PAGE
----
Now here is a turn of phrase I’ve never seen before: “merely often.”
I came across it in a Sanford Schwartz review of two shows of l’Art Brut – “In Their Own Worlds” (NYRB - June 7 issue). Schwartz was pointing out that the scroll form, which is seldom used by most artists, is a particular favorite of inspired crazies. It’s a fresh idea – at least it was to me – so I’ll give you the entire paragraph (my italics):
Wölfli and Darger are very different creators, but both worked with scroll-shaped formats. Darger did so regularly, with his horizontal spreads frequently eight feet wide. Wölfli used the shape merely often, and he could make his similarly long, narrow pictures go vertically or horizontally. This is how Ramírez, who also made long, narrow pictures at times, did it, too. The point may be a small one. Yet few other twentieth-century artists, whether professional or self-taught, employed this format with the same power and consistency.
The idea that “often” is mere, compared with “regularly,” is peculiar. I suppose it might be true, technically. An action performed “regularly” may be performed more frequently than the same action performed “often.” On the other hand, an action performed annually on a regular basis might be performed less frequently than the same action performed often.
For the sake of argument let’s accept that as a rule an action performed “regularly” is performed more frequently than one performed “often.” Still – “merely often?”
Webster’s on-line defines “merely” as “only; nothing more than.” “Merely” or “only” is an adverb which limits what it modifies – in our case, “working with scroll-shaped formats.” In Schwartz’ mind, “often working with scroll-shaped format” is limited, compared with “regularly working with scroll-shaped formats.”
“Often” is quantitative modifier (an adverb, in our example) of high degree. (“Seldom” is its corresponding quantitative modifier of low degree.) In his NYRB article, Schwartz’ “regularly” is a quantitative adverb of a higher degree than “often,” so “merely often” – that is, “nothing more than often” – is logical. But is it idiomatic? That is, is “merely often” a phrase you might hear spoken, or might come across in your reading?
The answer is yes. Occasionally one encounters “only” or “merely” or “nothing more than” in a comparison of things which are both rated extreme – above average – quantitatively or qualitatively.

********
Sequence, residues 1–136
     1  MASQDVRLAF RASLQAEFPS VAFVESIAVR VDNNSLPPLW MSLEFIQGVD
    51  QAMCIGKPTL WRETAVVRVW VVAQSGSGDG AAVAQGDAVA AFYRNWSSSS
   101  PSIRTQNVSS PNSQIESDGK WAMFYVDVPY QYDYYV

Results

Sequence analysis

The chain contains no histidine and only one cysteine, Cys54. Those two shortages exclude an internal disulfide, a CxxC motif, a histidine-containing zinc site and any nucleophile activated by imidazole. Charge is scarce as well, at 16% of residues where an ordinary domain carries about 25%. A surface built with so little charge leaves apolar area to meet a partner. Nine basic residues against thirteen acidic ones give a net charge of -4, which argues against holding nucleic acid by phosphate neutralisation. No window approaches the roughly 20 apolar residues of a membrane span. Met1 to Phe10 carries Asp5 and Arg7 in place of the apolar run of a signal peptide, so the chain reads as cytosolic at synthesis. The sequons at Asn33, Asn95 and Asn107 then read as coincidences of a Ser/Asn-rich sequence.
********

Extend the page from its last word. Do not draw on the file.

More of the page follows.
“An elephant weighs five tons; a rhinoceros weighs merely two tons.”
“Mosquitos carry malaria; ticks carry nothing more than Lyme disease.”
“Sidney drinks incessantly; Leslie drinks only often.”
But in all those comparisons, which are perfectly idiomatic, “only” is used ironically. You think Leslie drinks a lot? Not compared to Sidney!
Can you wring the irony out of “only” in the above examples? I can’t. “Only” meant literally, without irony, in a comparison between things similarly extreme (heavy, harmful, frequent) is unidiomatic
There is no irony in Schwartz’ “merely” in “Darger did so regularly... Wölfli [did so] merely often.” Where did that unidiomatic “only” come from?
I have a theory, as follows:
Schwartz originally wrote something like: “Wölfli and Darger are very different creators, but both worked with scroll-shaped formats. Darger did so often, with his horizontal spreads frequently eight feet wide. Wölfli used the shape merely on occasion.” Then Schwartz did some checking, took another look at Wölfli’s work, and amended his opinion. He found that Wölfli used the scroll shape often – not as often as did Darger, for whom scrolls were his regular format, but still well above the norm. He thus changed Wölfli’s “on occasion” or “occasionally” to “often.” That required replacing Darger’s “often” with an adverb denoting a higher level of frequency. Schwartz chose “regularly.” He retained “only” only because he was not, at the moment of writing, thinking as clearly as he was when he wrote the bulk of his essay; note his failure, also, to catch the problem with the definition of “regularly,” which can refer to a pattern of behavior, and not its frequency.
(The above is only, merely, nothing more than, a theory.)
“Merely often” is a quirky little glitch that in no way detracts from Schwartz’ essay. If any “blame” for it is to be assigned, it is on the head of the NYRB copyeditor who went over the piece for publication and didn’t catch it.
I’m glad they didn’t, though. It gave me something to think about.